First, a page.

SUDAN & NUBIA indication of the range of sites encountered in this region. One prominent feature of the area is the numerous tumulus/ cairn cemeteries found on the west bank. These are likely to be largely of broadly post-Meroitic date. However, it should be noted that while such burial forms are generally associated with the period of the 4th-6th centuries AD, both earlier and later occurrences of such burial forms are possible. The results of investigations of cairn burials in the Shendi Reach by Lenoble (1987) suggest that cairn burials may be encountered in many periods. While it seems likely that many found in this region are ‘post-Meroitic’, it may also be premature to assume that these necessarily predate the traditional date of the ‘official’ conversion of Nubia to Christianity in the mid-late 6th century. We have as yet no direct evidence for when Christianity made a significant impact in this region and, as was recently demonstrated at Gabati, forms of tumulus burial survived until at least the late 7th century. On current evidence, it is certainly possible that pre-Christian burial practices may have survived for a considerable period in many areas of southern Nubia (Edwards 1998). Despite Crawford’s suggestion that some cemeteries might date to the Meroitic period (1953b, 11), this remains to be confirmed and indeed the extent to which this region may have been settled during the Meroitic period remains far from clear. A substantial Meroitic centre existed at Dangeil on the east bank a little to the south of Abidiya. However, north of that point we as yet have no indications of a significant Kushite presence along the river between the Fifth and Fourth Cataracts. In view of the generally inhospitable and marginal character of much of the Abu Hamed-Atbara region, and especially the cataract zone itself, such limited occupation may not be surprising. However, with our very meagre knowledge of the character and density of Meroitic settlement even in the core regions of the kingdom close to Meroe (Edwards 1999) it may be premature to infer too much from the limited evidence at our disposal. In contrast to the limited evidence for a Meroitic presence, here, as further north, there appears to have been extensive medieval occupation, marked by substantial fortified/enclosed sites, cemeteries, churches and more ephemeral surface remains. Many of the enclosed/fortified sites appear to be of medieval date and have much in common with similar sites identified further downstream towards Abu Hamed and beyond (Crawford 1953a;1953b; Eisa 1995; Welsby-Sjöström 1998). At present, further interpretation of such sites remains difficult in the absence of more detailed information from excavations or systematic surface surveys. Resolving many key questions concerning the long-term settlement history of the region will require more detailed dating evidence. In particular, it remains to be seen whether such medieval settlements originated in earlier periods or whether they represent new foundations. In relation to broader issues concerning the extent of the Makurian and Alodian (Alwan) political and/or cultural influences on this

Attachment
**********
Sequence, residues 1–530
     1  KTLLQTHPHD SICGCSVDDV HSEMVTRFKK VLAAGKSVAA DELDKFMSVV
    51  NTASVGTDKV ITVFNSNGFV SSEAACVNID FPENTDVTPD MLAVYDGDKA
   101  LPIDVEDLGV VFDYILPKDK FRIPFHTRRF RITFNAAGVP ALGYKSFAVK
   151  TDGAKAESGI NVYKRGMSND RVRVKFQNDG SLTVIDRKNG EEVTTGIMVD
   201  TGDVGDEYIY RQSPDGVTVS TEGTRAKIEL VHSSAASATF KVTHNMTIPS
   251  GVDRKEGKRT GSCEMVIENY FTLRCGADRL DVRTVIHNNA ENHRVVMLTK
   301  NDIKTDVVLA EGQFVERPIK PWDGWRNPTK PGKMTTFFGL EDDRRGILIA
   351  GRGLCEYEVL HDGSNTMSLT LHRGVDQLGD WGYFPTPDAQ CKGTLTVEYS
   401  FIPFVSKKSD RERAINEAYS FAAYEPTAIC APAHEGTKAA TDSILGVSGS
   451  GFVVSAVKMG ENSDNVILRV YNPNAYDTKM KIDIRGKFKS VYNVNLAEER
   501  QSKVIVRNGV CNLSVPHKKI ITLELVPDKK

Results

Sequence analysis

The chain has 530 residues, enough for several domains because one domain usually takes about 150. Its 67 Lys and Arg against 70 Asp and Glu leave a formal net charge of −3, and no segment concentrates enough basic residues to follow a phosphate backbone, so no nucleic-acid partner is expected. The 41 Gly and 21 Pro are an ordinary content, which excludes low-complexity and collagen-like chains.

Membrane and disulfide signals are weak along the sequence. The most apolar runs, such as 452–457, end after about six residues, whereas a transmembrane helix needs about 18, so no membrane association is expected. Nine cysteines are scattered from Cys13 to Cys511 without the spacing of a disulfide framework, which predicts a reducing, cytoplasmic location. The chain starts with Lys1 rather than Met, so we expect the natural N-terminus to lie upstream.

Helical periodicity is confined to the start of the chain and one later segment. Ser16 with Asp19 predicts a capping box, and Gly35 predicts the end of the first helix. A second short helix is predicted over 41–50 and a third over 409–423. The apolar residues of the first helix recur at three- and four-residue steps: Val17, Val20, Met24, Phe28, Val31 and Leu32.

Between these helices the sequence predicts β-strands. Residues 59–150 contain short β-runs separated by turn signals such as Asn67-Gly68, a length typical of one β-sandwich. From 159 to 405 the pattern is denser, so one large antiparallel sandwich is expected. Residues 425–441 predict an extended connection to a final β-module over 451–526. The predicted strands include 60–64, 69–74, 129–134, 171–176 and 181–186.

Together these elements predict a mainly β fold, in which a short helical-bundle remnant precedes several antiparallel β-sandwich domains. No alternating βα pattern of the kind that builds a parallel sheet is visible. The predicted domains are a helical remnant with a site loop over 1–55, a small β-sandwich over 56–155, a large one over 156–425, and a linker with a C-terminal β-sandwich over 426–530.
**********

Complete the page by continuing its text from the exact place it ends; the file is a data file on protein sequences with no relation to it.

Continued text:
Figure 10. Fortified site at northeast end of El Usheir island.